Indigenous People - A question of life or death
Living in widely differing environments with distinct cultures and languages, Indigenous Peoples, with only a handful of exceptions, are struggling for survival. Their languages, traditions, wisdom and knowledge have disappeared or have been eradicated. Of those that remain, many are, even now, on the very verge of extinction. For EI, there can be no sustainable development for Indigenous Peoples without quality Indigenous education.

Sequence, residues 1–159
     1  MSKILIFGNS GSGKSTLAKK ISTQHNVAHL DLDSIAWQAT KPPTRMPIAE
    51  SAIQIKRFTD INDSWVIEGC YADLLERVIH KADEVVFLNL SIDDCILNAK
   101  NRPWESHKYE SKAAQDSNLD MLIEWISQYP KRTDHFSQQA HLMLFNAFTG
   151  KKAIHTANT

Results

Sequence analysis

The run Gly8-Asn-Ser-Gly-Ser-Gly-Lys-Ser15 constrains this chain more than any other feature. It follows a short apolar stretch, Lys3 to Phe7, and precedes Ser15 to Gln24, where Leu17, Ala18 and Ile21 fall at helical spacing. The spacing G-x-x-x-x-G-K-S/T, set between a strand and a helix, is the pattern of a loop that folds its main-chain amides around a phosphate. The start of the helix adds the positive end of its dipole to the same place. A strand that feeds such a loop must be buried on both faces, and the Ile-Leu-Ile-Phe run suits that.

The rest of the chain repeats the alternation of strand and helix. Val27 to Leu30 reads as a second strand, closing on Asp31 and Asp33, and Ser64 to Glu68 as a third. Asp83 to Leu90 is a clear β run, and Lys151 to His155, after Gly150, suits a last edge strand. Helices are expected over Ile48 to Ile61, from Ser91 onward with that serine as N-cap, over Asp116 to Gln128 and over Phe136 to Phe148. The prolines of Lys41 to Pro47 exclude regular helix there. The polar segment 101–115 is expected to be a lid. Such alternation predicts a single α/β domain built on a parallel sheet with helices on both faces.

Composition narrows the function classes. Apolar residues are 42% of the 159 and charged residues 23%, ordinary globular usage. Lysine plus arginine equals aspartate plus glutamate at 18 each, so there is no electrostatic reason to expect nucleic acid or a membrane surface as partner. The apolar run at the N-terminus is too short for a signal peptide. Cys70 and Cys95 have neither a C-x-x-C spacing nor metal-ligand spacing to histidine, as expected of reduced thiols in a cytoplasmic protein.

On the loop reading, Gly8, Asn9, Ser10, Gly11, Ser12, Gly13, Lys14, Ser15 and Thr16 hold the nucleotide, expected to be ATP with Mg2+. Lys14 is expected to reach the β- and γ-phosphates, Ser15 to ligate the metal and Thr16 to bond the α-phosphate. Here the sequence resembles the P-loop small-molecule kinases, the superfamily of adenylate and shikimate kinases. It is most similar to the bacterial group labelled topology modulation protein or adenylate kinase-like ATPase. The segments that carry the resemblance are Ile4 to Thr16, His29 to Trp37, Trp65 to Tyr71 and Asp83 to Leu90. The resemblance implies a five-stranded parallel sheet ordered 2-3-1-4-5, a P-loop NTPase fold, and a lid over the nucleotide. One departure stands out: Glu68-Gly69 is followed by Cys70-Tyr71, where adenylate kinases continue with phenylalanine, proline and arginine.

“While we know the answers are within us, part of the solution involves organisations like Education International helping Indigenous Peoples to work with those who control and manage the resources and policies”, said Bill Tehuia Hamilton at the first regional forum* on Indigenous People organised by EI. Bill Tehuia Hamilton is Matua Takawaenga (Assistant Secretary Maori Education) of the New Zealand Educational Institute (NZEI). For most Indigenous Peoples, education has been used as one of the tools in the destruction of their culture. It has been part of the process of assimilation, a process that has denied them the right to be Indigenous. Around the world, children from Indigenous communities feature at the bottom of indicators of the educational achievement. For these reasons, educators and EI member organisations have a special responsibility to support Indigenous Peoples in their determination to ensure the survival of their knowledge, languages, cultures and the success of their children in their own world and in the world beyond their communities. At the EI Regional Forums, Indigenous educators told the stories of the struggles of their peoples for survival and recognition in the education system. Ryoko Tahara, a Ainu representing the Japanese Teachers' Union (JTU), told the Asia-Pacific forum of the difficulties Ainu children face in schools, including discrimination and mistreatment. The Ainu are the original inhabitants of Hokkaido, Japan’s northernmost island; and of Sakhalin Island (Russian Federation) and the Kuril Islands (claimed by Japan and Russia).The 100,000 Ainu of Japan were denied any formal recognition until 1991. Yet their language is unique - it is linguistically unrelated to any other language. A report to the Japanese government in 1996 acknowledging their culture and “unique artistic nature” speaks of the destruction of the Ainu community and culture and the impact of discrimination and poverty. Ryoko Tahara highlighted the complete absence of Ainu history, language and culture in the official curriculum. The JTU has supported the campaign for recognition of the Ainu. Japan is not the only place that has failed to formally recognise its Indigenous Peoples. The EI North American/Caribbean Forum heard that on Saint Lucia and a number of other Caribbean islands, the Indigenous Peoples are regarded as almost extinct and no provision is made for the survival and support of the community, its language or culture. Children from the tiny Carib community of Saint Lucia are simply absorbed into the mainstream education system. On Dominica, where the Carib language has almost been lost, Carib teachers are beginning to organise themselves for the inclusion of Carib history, language and culture in the official curriculum as well as for greater Carib control over the education of their children. Damaging effects of forced assimilation In some countries, the long-term damaging effects of forced assimilation are finally being recognised. Royal Commissions in Australia and Canada have acknowledged the evil that was done to Aboriginal children by removing them from their families and putting them in boarding schools and, in some cases, having them fostered by non-Aboriginal families. The Canadian Royal Commission on Aboriginal People recently concluded that schooling continues to be an alienating experience for Aboriginal students. Indigenous Peoples of Canada include the Indian (First Nations), the Metis and the Inuit Peoples. According to the 1996 census, 799,010 individuals, approximately 3% of Canadians identified themselves as members of at least one Aboriginal group. Rita Bouvier, a Saskatchewan Metis representing the Canadian Teachers' Federation (CTF) explained that while some attention is given to First Nation and Inuit cultures, languages and histories, the same can not be said for the Metis. A recent study on child labour in a number of Latin American countries highlighted the vulnerability of children from Indigenous communities. This vulnerability was exacerbated by a lack of access to local schools that used the Indigenous language and which reflected Indigenous values, skills and knowledge in the curriculum. In Latin America, as elsewhere, there are nevertheless exciting examples of successful Indigenous education. All involve Indigenous initiatives and active participation in decision-making. While there is, of course, no one model appropriate for all, the key to success is that Indigenous Peoples are able to determine what is appropriate for them and their children and grandchildren. The challenge for EI member organisations is to make a space within their structures where Indigenous educators are welcomed as members, are able to participate through all levels of the organisation and, most importantly, are able to make decisions on issues relating to Indigenous education and be supported in those decisions by the organisation as a whole. Already a number of EI members have developed such structures and have reported the benefits that have flowed to the organisation as a whole. Rosslyn Noonan Human and Trade Union Rights Coordinator * EI regional forums for Indigenous educators were held before EI’s Asia-Pacific Regional Conference (Kuala Lumpur, Malaysia, July 1997), EI's Human Rights seminar (San Jose, Costa Rica, November 1997) and EI’s North American/Caribbean Regional Conference (St. Lucia, February 1998). This article first appeared in EI Magazine June 1998